Former Vice President and 2020 Democratic frontrunner Joe Biden said in regard to his series of memory lapses that “details are irrelevant.”
“That has nothing to do with judgment of whether or not you send troops to war, the judgment of whether you bring someone home, the judgment of whether you decide on a healthcare policy,” Biden told NPR in an interview published Sept. 3.
“The details are irrelevant in terms of decision-making.”
Biden also told the broadcaster that he supported using military force in Iraq in 2002 after he spoke with then-President George W. Bush.
“[Bush] looked me in the eye in the Oval Office. He said he needed the vote to be able to get inspectors into Iraq to determine whether or not Saddam Hussein was engaged in dealing with a nuclear program,” said Biden. “He got them in, and before you know it, we had ‘shock and awe.'”
Bush’s office said in response that Biden was wrong.
“I’m sure it’s just an innocent mistake of memory, but this recollection is flat wrong,” said spokesman Freddy Ford in an email to NPR.
Biden said he was against the war from the moment it started, but Biden said publicly he supported the war after it began in 2003.
Biden, as he speaks while on the campaign trail, has regularly gotten dates, people, and places mixed up. They’re usually referred to as “gaffes” or “verbal stumbles,” but others argue the mixups are a possible sign of cognitive issues.
After the mass shootings in El Paso, Texas, and Dayton, Ohio, in early August, Biden mistakenly said the shootings happened in Houston and Michigan. He also mixed up former British Prime Minister Margaret Thatcher, who is dead, with the recent British Prime Minister Theresa May.
After Biden said at a forum that “poor kids are just as bright and just as talented as white kids,” President Donald Trump said that the former vice president “is not playing with a full deck.”
Biden has also recently claimed he was vice president in 2018, mixed up the dates for two infamous shootings, mixed up the status of a university, mistakenly referred to a town he was in with a city in another state, and forgot the building he was speaking at, prompting him to tell the crowd: “I’m not going nuts.”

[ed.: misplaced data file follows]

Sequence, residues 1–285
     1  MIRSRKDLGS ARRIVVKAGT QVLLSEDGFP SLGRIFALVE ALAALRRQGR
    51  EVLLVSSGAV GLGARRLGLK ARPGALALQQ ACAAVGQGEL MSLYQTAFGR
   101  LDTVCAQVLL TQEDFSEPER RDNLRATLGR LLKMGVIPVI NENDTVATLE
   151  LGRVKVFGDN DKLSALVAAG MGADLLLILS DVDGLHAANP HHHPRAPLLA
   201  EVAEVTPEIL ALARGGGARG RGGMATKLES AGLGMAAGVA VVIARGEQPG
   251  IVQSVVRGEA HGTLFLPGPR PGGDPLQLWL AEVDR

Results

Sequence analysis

Biden’s team has also defended his series of lapses, saying they happen to anyone who speaks as often as Biden has been, and that they’re being used by opponents to distract from Biden’s campaign.
Spokeswoman Symone Sanders, for instance, said during an appearance on CNN: “This is a press narrative, not a voter narrative. If you were to look at the coverage in Iowa this weekend and juxtapose the local newspapers and local television coverage to national media coverage, you would have thought these reporters were at two different events.”
Cal Jillson, a political professor at Southern Methodist University, told The Epoch Times that none of the slip-ups have appeared to hurt Biden badly, at least so far.
“Biden is the frontrunner at this point, with [Sen.] Bernie [Sanders] and [Sen.] Elizabeth Warren in the next tier and the others further back. You have to say that Biden at this point is the favorite, but he has a proclivity for verbal stumbles, none of which have yet hurt him much because most Democratic primary voters see him as the strongest general election candidate against Trump, so they give him a pass any time a little stumble takes place,” he said.
“But should something more dramatic occur, that would open the door to Elizabeth Warren and perhaps to some of the others. Biden is in a very good position, but he’s not dominant in this field—but he is certainly the favorite at this point.”